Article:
This is part 1 of Hack Your Brain to be a Better Developer, my talk from AdieCon 2020.
You’re so stuck on this ticket, and need to ask for help, but you’re been working on this ticket for far to long, should have asked that senior dev for help days ago.
Imagine starting to stand up to go talk to that person. How does that feel in your body? Stomach? Shoulders? For me this is a tightness in the middle of my chest.
Suddenly you realize that there’s one more thing you could try, one more thing to search the internet for, and you sit back down.
How does that feel in your body? Stomach? Shoulders?
Good, better, right?
Bad News friends. Avoiding asking for help is increasing your fear of asking for help.
Studies have shown that people with lower back injury who cope with pain, that is they tolerate some pain while recovering or doing physical therapy, recover quicker and have less long-term pain than people who avoid pain.
In medicine this is called Fear-Avoidance, in psychology it’s called Avoidance Coping.
So the question is, how do we avoid avoiding?
- Knowledge is Power - knowing that avoiding will make it worse is often enough to help us do what we need to do. "This is no fun, but I don’t want to see what happens if it gets worse."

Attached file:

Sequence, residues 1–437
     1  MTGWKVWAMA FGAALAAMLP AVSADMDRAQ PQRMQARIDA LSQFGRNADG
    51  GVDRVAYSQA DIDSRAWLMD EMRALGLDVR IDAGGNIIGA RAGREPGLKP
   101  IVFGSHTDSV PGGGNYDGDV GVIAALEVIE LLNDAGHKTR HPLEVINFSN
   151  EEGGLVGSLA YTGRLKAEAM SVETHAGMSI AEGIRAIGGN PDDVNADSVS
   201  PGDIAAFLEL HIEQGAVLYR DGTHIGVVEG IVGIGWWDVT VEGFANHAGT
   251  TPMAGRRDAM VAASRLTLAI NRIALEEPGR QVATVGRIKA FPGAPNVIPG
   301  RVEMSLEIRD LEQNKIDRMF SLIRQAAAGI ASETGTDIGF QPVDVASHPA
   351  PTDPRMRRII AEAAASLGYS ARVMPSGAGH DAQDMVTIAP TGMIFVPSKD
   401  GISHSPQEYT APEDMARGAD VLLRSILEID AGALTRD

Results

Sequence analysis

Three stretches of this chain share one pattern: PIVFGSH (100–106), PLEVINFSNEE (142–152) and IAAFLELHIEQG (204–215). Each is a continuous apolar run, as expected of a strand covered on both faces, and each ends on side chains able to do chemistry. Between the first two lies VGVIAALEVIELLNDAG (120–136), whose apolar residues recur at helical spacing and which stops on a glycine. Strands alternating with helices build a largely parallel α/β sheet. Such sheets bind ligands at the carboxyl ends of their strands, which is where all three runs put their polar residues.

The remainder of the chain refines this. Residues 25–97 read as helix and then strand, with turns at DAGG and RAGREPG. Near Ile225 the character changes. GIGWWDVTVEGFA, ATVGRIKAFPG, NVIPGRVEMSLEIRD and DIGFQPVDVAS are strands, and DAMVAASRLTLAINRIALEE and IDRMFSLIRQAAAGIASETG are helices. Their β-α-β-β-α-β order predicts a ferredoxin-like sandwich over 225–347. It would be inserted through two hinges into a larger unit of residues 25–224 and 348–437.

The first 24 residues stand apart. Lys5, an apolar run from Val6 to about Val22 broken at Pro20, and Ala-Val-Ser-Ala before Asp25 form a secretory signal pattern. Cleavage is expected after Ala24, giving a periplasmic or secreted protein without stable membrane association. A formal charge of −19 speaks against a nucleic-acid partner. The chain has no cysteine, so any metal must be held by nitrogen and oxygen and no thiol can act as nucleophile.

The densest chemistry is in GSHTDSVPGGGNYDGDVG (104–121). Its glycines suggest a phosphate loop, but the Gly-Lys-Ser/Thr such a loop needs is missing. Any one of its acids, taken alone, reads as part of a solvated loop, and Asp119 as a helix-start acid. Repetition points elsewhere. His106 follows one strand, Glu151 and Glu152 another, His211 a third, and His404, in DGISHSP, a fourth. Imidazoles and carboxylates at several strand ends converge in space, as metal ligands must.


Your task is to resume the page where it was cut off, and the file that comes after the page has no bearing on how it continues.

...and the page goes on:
- Get comfortable being uncomfortable - take the time to just sit with and really feel your discomfort. When you’ve sat with a feeling before it’s still uncomfortable, but now you know it won’t kill you.
- Lower the Barrier - acknowledge that you will avoid at some point, saying you’ll never do this again isn’t realistic. What can you do to make it easier to ask after you’ve avoided?
My trick for lowering the barrier is to write out my question, and then leave in the text box of the DM or chat room where I should be asking the question. I hit send yet though - this is where I let my self avoid. I set a timer for a short but reasonable amount of time, 5 to 15 minutes. When the timer goes off, I flip over to the DM or chat room and press send. I don't re-read what I wrote, just hit send. It’s scary, but it’s worth it, and now the question has been asked!